Clarksville girl 'lived life to the fullest'

After 3-year battle, teen succumbs to rare liver cancer

August 21, 2008|By Janene Holzberg | Janene Holzberg,Special to The Sun

Those who knew Anna Tomalis best say the way she went about her life near the end truly captured her spirit.

The 13-year-old Clarksville resident, who had been battling a rare form of liver cancer for three years, was struggling physically in recent days. But she resolved to press on with life, managing to go horseback riding and take in a movie.

"Anna lived life to the fullest," said her father, Ron Tomalis. "She had every reason to not do something, but she always found ways to overcome her discomfort."

The Lime Kiln Middle School student, who was known for her upbeat attitude and compassion for others, succumbed to her illness Friday, her family said.

The Tomalises had worked for seven months to get Anna into an experimental drug trial before she was finally accepted into a program in Philadelphia a month ago, her father said. She was scheduled to have a second round of treatment the day she died.

While Anna had held out a lot of hope that the drug would help in her fight for life, she knew what she was up against.

"We had talked about what would happen if the chemo didn't work and the possibility of her dying," he said. "Anna knew her options were almost completely gone."

Anna managed to accept her fate while also battling it. In May, she stood by as her mother, Liz, testified before Congress in support of a measure that would give terminally ill patients access to experimental drugs that haven't received government approval.

Liz Tomalis has been "relentless" in her advocacy for her daughter, said Brenda Pound, a registered nurse in the children's diagnostic center at Sinai Hospital.

"This drug trial seemed very promising - not as a cure, but as a way to get Anna more time," Pound said.

Anna was one of the staff members' favorite patients, Pound said. Recently they had heard that Anna had been sleeping as much as 20 hours a day. But when she remembered she had a hair appointment, she arose from bed to keep it.

"We all laughed when we heard this story," the nurse said. "She always had her hair, makeup and nails done."

Anna had a fondness for fashion that spurred her to take modeling classes last fall when chemotherapy caused her hair to fall out, and travel to New York for fashion week. Her sense of style led to a small quandary for her parents: She requested to be buried in a pink casket.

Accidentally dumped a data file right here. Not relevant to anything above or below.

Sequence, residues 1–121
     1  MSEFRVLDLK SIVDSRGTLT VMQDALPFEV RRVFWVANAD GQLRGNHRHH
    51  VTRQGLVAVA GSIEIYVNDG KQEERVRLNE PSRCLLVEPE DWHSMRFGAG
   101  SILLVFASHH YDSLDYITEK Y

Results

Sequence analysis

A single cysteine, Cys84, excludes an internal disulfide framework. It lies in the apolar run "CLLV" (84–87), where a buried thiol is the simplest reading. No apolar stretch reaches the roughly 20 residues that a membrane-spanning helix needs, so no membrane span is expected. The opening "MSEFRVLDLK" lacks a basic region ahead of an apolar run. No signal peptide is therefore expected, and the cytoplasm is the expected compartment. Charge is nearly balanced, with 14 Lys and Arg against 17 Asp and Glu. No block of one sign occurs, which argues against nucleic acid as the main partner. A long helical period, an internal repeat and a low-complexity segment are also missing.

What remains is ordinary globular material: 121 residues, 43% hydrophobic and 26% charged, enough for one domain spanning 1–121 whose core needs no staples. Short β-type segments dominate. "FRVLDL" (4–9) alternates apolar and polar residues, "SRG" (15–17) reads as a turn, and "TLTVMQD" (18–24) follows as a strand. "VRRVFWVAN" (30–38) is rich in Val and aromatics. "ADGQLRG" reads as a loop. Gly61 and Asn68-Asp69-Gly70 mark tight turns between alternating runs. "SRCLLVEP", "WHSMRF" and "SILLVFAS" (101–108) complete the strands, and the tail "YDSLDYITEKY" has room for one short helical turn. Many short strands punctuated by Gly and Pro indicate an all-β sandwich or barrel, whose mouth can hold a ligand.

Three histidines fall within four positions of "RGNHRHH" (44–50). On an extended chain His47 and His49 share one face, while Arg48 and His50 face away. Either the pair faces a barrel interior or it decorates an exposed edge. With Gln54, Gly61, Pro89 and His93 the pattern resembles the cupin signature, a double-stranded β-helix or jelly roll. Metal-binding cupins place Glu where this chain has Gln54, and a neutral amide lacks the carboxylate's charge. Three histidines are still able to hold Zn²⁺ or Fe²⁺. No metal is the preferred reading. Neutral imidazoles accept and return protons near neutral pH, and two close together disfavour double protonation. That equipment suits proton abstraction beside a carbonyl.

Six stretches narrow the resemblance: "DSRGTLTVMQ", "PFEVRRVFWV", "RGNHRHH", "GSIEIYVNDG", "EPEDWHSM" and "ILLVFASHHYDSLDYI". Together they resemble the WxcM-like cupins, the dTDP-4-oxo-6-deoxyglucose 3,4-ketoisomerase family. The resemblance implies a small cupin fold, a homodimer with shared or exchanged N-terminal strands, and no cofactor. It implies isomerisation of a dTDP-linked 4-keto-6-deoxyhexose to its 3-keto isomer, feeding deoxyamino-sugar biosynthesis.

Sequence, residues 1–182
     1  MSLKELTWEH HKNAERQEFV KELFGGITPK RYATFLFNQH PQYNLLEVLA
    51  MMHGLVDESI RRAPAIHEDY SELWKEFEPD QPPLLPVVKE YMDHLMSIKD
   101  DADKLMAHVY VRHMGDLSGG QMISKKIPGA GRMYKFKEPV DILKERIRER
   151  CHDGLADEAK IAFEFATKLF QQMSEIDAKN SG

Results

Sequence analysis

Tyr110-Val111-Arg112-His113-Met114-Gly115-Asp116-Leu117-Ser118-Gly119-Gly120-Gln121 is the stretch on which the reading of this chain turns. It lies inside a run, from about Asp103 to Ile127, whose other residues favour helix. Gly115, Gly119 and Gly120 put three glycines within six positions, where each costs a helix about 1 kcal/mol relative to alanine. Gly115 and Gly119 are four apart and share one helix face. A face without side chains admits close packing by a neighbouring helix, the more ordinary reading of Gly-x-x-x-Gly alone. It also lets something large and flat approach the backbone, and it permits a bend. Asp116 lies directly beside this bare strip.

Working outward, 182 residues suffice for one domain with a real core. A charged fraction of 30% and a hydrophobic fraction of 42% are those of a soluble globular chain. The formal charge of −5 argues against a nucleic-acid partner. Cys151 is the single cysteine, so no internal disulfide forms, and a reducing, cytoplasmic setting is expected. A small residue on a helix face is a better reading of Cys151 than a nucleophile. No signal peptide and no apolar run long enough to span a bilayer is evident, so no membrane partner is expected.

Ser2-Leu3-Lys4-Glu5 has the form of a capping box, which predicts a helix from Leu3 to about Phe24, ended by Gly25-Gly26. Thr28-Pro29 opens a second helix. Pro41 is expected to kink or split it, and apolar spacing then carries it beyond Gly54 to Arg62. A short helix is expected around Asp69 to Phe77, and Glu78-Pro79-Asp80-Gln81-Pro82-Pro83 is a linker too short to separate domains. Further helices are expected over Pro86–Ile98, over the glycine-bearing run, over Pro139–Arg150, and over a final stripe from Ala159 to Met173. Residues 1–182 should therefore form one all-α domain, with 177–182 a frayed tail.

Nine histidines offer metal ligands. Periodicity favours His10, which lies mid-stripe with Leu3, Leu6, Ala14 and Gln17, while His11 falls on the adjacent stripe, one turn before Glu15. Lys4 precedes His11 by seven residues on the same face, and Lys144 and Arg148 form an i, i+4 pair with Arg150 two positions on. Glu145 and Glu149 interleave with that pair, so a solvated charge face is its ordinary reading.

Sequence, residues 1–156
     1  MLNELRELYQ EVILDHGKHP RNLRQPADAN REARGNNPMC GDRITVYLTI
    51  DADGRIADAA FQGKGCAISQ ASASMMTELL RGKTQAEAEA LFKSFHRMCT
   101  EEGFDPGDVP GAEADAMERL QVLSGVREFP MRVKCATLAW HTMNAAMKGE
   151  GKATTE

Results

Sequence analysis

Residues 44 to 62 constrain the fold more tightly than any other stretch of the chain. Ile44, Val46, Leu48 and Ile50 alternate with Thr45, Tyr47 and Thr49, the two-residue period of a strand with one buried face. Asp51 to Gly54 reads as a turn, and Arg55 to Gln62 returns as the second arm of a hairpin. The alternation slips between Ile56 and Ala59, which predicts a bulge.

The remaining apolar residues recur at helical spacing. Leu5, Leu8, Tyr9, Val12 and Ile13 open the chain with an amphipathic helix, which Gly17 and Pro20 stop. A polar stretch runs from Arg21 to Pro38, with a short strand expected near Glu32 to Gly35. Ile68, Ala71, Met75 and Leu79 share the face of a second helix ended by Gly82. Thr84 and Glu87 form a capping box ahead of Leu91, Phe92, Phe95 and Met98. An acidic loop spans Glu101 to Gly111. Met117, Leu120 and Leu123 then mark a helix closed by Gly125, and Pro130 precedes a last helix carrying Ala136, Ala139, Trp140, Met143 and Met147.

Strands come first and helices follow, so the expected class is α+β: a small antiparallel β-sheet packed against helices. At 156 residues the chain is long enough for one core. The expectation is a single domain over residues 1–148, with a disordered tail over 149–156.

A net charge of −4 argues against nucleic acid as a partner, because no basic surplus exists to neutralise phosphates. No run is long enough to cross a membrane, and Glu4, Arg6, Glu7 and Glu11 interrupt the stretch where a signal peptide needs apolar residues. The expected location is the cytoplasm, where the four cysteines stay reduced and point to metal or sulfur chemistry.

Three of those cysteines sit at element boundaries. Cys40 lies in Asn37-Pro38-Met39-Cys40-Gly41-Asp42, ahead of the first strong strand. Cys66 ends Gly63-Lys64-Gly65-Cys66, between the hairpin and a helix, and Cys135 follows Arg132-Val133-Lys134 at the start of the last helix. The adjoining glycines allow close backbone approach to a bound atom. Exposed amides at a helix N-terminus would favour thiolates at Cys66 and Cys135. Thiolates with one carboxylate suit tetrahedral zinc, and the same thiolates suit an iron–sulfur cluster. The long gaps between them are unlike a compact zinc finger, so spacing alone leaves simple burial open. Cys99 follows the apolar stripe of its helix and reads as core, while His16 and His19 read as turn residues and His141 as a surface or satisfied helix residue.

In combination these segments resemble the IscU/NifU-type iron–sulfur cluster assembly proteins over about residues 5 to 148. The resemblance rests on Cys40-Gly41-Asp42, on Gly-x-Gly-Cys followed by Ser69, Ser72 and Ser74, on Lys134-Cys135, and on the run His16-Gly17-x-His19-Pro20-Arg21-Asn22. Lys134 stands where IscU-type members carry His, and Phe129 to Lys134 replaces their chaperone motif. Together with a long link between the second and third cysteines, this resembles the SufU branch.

After some searching, the Tomalises found an auto body shop that was willing to spray-paint Anna's coffin.

"That story made me smile - that was so Anna," said Gwyn Calanni, a family friend. "Now she has touched the lives of the workers painting that casket - you just know they have a great story to tell."

Calanni's twin daughters, Elise and Rachel, were Anna's classmates and are trying to come to grips with the death of their close friend.

"When you think of Anna, you think of the most amazing person ever," Elise said. "She was a very giving person."

Rachel concurred.

"To me, her most amazing trait was her selflessness," she said. "Even when she was having a crummy day, she put it all aside and was happy to be with her friends."

Since her original diagnosis in September 2005, after the discovery of a grapefruit-sized tumor on her liver, Anna had made nearly 500 trips to the hospital and had been admitted 90 times, yet rarely complained, her father said.

"We were never shocked by her strength and goodness, but we never took it for granted, either," said Ron Tomalis, adding that she set an example for her sisters, Julia, 8, and Megan, 6.

"Her life was like a stone being dropped in a pond, and the ripples she created continue to affect more and more people, even now that she's gone," he said. "Our family takes great solace in that."

A viewing is scheduled today from 3 p.m. to 8 p.m. at Witzke's Funeral Home, 5555 Twin Knolls Road, Columbia. A Mass will be held at 10 a.m. tomorrow at St. Louis Parish, 12500 Clarksville Pike, Clarksville.

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